Model of Three-Dimensional Spatial Data Types. *12th ACM Int.
Symp. on Advances in Geographic Information
Systems* (*ACM GIS*), 67-72, 2004. [pdf]

Abstract. Spatial database systems and geographical information systems (GIS) are currently only able to represent and manage crisp, determinate spatial objects, that is, spat ial objects which have sharply defined boundaries and whose extent is precisely known. Examples are mainly man-made objects like land parcels, states, school districts, and canals. But geographical reality reveals that the boundaries and extent of most spatial objects cannot be precisely determined. Examples are land features such as population density, soil quality, vegetation, oceans, biotopes, deserts, an English speaking area, clouds, and sandbanks. A possible approach to modeling this kind of indeterminate spatial objects is to apply fuzzy set theory. We obtain fuzzy spatial data types like fuzzy points, fuzzy lines, and fuzzy regions. The topic of this PhD project is to make a design for such data types and for a comprehensive collection of operations and predicates defined on them, to develop implementation concepts for them, and to integrate them into database management systems and their query languages.

Required knowledge: databases in general; programming skills in C++, Oracle 10g

Desired (but not required) knowledge: spatial databases, fuzzy set theory

Introducing Literature:

Markus Schneider. Uncertainty
Management for Spatial Data in Databases: Fuzzy Spatial Data Types.
*6th Int. Symp. on Advances in Spatial
Databases* (*SSD*), LNCS 1651, Springer
Verlag, 330-351, 1999. [pdf]

Markus
Schneider. Metric
Operations on Fuzzy Spatial Objects in Databases. *8th ACM
Symp. on Geographic Information Systems*
(*ACM GIS*), 21-26, 2000. [pdf]

Markus Schneider. Fuzzy
Topological Predicates, Their Properties, and Their Integration into
Query Languages. *9th ACM Symp. on
Geographic Information Systems* (*ACM GIS*),
9-14, 2001. [pdf]

Markus Schneider. A
Design of Topological Predicates for Complex Crisp and Fuzzy Regions.
*20th Int. Conf. on Conceptual Modeling*
(*ER*), 103-116, 2001. [pdf]

Markus Schneider. Fuzzy
Spatial
Data Types and Predicates: Their Definition and
Integration into Query Languages. *Spatio-Temporal
Databases: Flexible Querying and Reasoning*.
Springer-Verlag,
265-293, 2004. [pdf] [Springer]
[Amazon]

Abstract. An important spatial concept in maps are spatial graphs representing, for example, road networks, railway networks, and power networks. This PhD project has three goals. First, a design of an abstract model should give a definition of spatial graphs and their properties and further identify the most important operations and predicates on them. An example of an important operation on spatial graphs is to find the shortest path from a source to a destination. Such a model will be based on mathematical concepts like point set theory, point set topology, graph theory, and functions. Second, since the abstract model is based on infinite point sets and functions and cannot be directly implemented, a discrete model is needed that yields finite representations for the infinite concepts of the abstract model and algorithms for the operations and predicates of the abstract model. Third, the ultimate goal is to incorporate spatial graphs into databases systems and their query languages.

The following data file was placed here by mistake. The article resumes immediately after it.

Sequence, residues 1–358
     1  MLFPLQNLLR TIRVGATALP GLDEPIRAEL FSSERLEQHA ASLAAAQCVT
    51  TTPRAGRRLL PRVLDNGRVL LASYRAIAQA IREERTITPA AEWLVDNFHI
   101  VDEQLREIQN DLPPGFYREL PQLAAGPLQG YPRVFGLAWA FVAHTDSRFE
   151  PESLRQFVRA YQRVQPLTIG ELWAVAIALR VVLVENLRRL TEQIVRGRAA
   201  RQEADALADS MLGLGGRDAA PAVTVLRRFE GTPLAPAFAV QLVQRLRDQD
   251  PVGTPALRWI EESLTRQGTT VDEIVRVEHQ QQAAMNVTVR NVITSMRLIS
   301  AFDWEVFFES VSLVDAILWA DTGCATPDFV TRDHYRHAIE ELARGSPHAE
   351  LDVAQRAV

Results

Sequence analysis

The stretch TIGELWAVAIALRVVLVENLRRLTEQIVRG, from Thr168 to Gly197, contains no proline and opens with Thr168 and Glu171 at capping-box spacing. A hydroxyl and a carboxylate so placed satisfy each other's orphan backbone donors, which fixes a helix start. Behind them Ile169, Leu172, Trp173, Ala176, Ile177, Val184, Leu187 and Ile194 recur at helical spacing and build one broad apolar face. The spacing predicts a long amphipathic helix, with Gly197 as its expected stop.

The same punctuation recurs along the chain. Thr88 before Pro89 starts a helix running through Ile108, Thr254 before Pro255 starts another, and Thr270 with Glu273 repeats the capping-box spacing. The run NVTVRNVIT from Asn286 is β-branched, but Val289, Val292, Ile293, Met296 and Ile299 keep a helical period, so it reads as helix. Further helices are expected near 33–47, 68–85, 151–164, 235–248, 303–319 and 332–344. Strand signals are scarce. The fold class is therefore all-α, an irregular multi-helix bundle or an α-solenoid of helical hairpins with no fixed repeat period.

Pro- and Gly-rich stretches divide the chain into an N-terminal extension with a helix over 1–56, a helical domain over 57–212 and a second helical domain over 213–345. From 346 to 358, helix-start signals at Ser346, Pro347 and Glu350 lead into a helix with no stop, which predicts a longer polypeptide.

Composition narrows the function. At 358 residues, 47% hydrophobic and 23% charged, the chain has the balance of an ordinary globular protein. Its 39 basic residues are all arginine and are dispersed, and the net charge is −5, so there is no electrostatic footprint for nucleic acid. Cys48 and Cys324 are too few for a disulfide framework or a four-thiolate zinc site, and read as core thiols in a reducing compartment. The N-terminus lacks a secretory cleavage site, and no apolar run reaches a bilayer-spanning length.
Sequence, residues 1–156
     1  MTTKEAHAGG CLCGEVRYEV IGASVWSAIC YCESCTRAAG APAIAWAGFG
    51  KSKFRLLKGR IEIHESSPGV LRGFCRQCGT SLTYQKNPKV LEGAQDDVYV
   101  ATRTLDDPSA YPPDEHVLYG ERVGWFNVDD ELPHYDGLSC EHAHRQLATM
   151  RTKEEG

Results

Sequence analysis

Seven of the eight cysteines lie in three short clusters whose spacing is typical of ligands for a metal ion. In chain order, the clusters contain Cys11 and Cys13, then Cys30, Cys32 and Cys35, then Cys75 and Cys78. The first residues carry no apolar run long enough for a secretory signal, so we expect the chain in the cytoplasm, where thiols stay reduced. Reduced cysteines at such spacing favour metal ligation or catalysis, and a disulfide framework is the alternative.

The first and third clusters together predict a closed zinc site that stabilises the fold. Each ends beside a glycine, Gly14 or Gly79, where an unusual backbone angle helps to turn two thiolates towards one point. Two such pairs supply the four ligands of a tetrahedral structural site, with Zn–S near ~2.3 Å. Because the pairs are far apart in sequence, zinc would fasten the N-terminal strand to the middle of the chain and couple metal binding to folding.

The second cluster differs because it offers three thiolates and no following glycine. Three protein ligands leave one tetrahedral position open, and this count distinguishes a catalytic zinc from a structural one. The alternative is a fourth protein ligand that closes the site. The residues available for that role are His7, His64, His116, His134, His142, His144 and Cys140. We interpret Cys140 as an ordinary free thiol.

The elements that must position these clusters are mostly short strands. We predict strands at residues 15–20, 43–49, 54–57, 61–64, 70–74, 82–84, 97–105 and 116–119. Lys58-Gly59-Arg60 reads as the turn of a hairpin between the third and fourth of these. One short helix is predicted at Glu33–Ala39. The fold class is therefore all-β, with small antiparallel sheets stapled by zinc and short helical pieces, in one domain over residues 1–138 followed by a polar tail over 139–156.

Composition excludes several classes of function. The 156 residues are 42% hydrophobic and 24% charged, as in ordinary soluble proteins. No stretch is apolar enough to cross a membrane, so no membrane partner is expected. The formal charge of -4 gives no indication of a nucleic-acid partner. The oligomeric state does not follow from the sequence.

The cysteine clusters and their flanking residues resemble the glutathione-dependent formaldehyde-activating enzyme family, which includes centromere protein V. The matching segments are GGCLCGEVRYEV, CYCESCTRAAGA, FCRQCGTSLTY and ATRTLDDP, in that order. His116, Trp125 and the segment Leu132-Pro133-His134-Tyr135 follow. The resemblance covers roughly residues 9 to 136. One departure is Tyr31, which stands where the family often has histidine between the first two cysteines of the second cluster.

Required knowledge: databases in general; programming skills in C++, Oracle 10g

Desired (but not required) knowledge: spatial databases, graph theory

Introducing Literature:

(none, not much available, has to be searched for)

Abstract. Research in data warehousing and on-line analytical processing (OLAP) has produced important technologies for the design, management, and use of information systems for decision support. However, despite the continued success and maturing of the field, much work remains to be done in the future. Given the wealth of models, terminology, and definitions, the first task is to review the most important models and their treatment of the basic concepts including the notions “dimension”, “fact”, “hierarchy”, “data cube”, and many more. The intent should be to evaluate existing models based on their expressiveness, flexibility, separation of modeling aspects from implementation aspects, etc. With the knowledge gained, the second task is to develop an overall and comprehensive conceptual model adapted to the users’ needs and abstracting from implementation aspects. The third task is to identify existing OLAP operators, to get an overview of their capabilities, and to learn how they can be used to manipulate multi-dimensional data (e.g., cube, roll-up, drill-across). The fourth task is to define these OLAP operators and perhaps new ones, which have so far not been considered, on the basis of the designed model in task 2. The fifth task is to identify new applications for data warehousing and OLAP in the spatial and spatio-temporal domain and to extend the model of task 2 correspondingly. The impact of new, advanced, and non-standard data types on the data warehousing concepts has to be explored. Also, new OLAP operations have to be detected and formally defined. The sixth task is to implement the complete model as a data warehouse extension package that can be integrated as a cartridge, datablade, or extender into Oracle, DB2, and Informix.